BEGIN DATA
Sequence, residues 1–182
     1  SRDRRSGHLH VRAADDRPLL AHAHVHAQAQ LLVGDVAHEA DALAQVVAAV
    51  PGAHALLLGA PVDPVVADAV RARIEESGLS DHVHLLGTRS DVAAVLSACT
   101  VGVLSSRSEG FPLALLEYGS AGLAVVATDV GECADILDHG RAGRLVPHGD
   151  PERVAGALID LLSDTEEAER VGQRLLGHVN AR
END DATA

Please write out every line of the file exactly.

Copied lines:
Sequence, residues 1–182
     1  SRDRRSGHLH VRAADDRPLL AHAHVHAQAQ LLVGDVAHEA DALAQVVAAV
    51  PGAHALLLGA PVDPVVADAV RARIEESGLS DHVHLLGTRS DVAAVLSACT
   101  VGVLSSRSEG FPLALLEYGS AGLAVVATDV GECADILDHG RAGRLVPHGD
   151  PERVAGALID LLSDTEEAER VGQRLLGHVN AR